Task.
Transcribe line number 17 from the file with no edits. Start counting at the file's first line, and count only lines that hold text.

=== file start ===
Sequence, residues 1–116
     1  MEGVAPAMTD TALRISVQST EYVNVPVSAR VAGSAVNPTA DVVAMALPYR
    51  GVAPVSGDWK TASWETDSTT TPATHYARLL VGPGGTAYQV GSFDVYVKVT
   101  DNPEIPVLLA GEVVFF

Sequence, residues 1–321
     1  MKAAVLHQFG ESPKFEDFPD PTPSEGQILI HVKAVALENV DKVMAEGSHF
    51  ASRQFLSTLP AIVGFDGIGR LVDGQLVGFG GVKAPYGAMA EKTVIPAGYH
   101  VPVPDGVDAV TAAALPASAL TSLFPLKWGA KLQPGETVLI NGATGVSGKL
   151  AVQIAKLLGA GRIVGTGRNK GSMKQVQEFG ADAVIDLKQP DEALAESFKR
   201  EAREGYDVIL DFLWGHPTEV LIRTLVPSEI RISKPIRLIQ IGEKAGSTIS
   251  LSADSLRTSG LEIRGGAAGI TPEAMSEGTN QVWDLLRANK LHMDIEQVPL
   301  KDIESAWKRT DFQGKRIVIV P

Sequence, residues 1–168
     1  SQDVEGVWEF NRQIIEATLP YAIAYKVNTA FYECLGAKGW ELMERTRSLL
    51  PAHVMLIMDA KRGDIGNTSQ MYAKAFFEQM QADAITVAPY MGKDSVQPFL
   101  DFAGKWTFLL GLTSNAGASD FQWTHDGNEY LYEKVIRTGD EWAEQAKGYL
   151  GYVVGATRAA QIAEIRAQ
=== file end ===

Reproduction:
   151  GYVVGATRAA QIAEIRAQ